Urban Farm Updates, September 21st, 2017
Fun on the Farm!
Did you know? Okra is closely related to Cotton, Cocoa and Hibiscus! Pretty cool, huh?!
What’s Growing On?
As you may know, this past Saturday was our most recent Open Farm Saturday, down at the Urban Farm! I had a volunteer from Converse come and help us out on the Urban Farm on Saturday, as we stripped the old plants and plastic off of some of the summer rows. As the summer crops have finished up, I have been pulling back the plastic, adding fresh compost and reapplying the plastic to prepare the beds for their fall transplants. Having those extra hands out there helps the job go so much faster, so a massive Thank You to Sheila from Converse!! I appreciate your help so much!
The transplant seedling are currently hanging out in the Greenhouse still, and amidst all of the compost runs and bed preparations, I will be moving the flats outside, little by little, to harden off before they wind up in the ground. Transitioning seedlings too quickly, from a controlled environment, like a Greenhouse, into the ground outside can be a shock that can cause slowed grown, stunted production or even plant death. Slowly exposing them to the outside temperature, wind and overall environment allows them to make that transition smoothly and with few overall hiccups.
Not all of the seedlings in the Greenhouse will be making the great move outside; some of the plants I have started are frost intolerant and will spend their entire lives inside the safety of the Greenhouse; some of these plants include Cucumbers, herbs and frost sensitive greens. I am experimenting a little bit with a few different varieties of cucumbers this winter, including several unusual varieties that you don’t find very often. One of the varieties that I am trying is the Mexican Sour Gherkin, which a number of people have asked about since I started working here at the farm. If you are unfamiliar with this variety, it also goes by the name Cucamelon or Mouse Melon, and it is easy to understand how they acquired those titles. That cucumber variety looks like a miniature watermelon and has a sour cucumber flavor. I am also trying a Salt & Pepper Pickling Cucumber variety, which has white skin and black spines. One of the best things about shopping at, and conversely selling at a Farmers Market, is the fact that you can grow and try different, unusual varieties that you will never come across in a traditional grocery store. However, I will also be growing some more traditional cucumber varieties, so if experimenting with different flavors and colors isn’t your thing, don’t stress, there will be something for you too!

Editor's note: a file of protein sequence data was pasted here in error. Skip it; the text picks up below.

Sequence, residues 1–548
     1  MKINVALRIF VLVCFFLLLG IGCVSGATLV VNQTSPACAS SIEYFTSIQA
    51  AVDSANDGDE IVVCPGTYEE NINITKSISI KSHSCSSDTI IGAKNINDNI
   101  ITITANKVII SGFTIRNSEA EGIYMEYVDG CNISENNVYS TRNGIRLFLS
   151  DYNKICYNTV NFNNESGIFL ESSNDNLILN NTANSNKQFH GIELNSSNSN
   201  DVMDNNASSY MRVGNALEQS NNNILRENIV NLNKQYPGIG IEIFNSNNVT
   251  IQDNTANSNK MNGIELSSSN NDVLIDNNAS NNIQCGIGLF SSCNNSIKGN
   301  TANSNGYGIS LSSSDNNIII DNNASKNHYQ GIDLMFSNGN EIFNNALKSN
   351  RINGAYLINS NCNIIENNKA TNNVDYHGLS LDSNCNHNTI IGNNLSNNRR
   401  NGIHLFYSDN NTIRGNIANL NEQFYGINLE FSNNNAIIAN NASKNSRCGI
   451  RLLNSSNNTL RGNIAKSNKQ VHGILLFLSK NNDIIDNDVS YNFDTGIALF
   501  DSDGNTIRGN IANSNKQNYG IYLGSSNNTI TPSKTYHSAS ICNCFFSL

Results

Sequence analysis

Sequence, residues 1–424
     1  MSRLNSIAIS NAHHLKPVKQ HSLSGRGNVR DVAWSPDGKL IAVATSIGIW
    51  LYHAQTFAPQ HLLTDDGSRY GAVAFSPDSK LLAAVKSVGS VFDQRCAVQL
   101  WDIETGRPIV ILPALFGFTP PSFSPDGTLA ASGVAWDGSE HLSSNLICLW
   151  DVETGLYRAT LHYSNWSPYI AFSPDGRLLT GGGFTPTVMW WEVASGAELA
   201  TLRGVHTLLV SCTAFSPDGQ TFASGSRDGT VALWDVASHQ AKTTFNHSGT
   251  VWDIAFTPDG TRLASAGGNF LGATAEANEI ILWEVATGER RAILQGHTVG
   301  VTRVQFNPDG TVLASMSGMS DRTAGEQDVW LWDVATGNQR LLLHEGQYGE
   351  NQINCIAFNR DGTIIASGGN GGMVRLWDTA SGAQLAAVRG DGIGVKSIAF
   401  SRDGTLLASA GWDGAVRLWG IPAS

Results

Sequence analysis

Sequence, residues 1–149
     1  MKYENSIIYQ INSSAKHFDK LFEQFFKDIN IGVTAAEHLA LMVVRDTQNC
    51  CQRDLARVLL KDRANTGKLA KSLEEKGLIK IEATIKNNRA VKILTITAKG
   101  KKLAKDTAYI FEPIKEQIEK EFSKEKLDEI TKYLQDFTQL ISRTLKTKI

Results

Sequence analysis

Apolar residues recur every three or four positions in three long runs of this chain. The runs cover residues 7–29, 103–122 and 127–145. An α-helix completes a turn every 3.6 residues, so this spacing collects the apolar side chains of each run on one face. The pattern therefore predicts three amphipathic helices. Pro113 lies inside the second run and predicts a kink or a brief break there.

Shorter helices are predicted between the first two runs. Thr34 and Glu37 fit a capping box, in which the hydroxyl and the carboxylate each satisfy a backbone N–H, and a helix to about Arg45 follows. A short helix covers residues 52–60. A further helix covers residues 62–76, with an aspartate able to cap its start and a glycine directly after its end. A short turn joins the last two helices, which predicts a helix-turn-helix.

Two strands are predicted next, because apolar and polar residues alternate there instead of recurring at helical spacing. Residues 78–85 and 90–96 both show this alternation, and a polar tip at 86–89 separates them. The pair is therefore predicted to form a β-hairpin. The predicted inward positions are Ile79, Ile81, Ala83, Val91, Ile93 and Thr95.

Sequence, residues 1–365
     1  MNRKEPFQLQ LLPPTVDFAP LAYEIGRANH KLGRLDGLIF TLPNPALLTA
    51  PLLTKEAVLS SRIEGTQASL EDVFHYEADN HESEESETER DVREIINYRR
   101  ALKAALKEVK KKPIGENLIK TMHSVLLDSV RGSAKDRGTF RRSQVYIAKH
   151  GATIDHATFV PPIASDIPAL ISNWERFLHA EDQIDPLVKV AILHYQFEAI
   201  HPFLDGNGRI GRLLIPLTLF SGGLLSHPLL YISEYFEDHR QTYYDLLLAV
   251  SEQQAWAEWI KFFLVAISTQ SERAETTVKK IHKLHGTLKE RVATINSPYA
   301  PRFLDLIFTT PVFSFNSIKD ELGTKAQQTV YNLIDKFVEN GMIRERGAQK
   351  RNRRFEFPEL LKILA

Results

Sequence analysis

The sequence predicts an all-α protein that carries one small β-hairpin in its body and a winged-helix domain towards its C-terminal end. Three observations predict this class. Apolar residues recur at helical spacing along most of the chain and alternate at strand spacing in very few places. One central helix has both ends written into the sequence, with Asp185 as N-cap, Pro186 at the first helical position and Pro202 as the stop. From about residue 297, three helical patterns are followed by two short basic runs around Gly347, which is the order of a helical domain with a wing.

I have also prepared flats of seedlings that will be transitioning out into the Vertical PVC Towers that I put up with the help of Spartanburg Water volunteers, back at the end of April. They worked really well in the early summer, producing several pounds of leaf lettuce, and I am excited to see how well they do, growing into the winter time. I spent a little while this week getting the PVC towers prepped, refreshing the compost inside the towers and making sure that they were still well set in the ground. Growing vertically in these towers allowed me to grow 130+ plants in a space that is not exactly ideal for growing plants in the ground, and makes excellent use of giant PVC pipes that we had just hanging around.
And of course, since we were speaking of Okra’s relatives earlier…… Let me just take a moment to say how incredible Okra plants are! Okra plants are so incredibly adaptable, they tolerate unusually wet weather, particularly dry weather, cloudy weather, wind storms and anything else nature can throw at them. This year was a particularly wet one, with several strong storms and some unusually cold temperatures in late August and my Okra plants still seem super happy! Last year my Okra was still producing through early November, and I am interested to see how long it keeps producing this year!
And as a friendly reminder, we are having our annual Farmer To Table Dinner Fundraiser on Friday, September 29th, at 6:30pm. The event will be held at the Northside Harvest Park, and tickets are available at the Saturday Market, online (www.hubcityfm.org), or by phone (864-585-0905). This is a fantastic event, you get to socialize and network with so many like-minded people, all the while experiencing some incredible, local food creations from the Farmers Table! Check out our website for more information on this once a year event!!
As always, feel free to share any questions, comments or ideas with me (firstname.lastname@example.org). I look forward to sharing with you more adventures on the farm next week! Have a wonderful weekend, everyone!!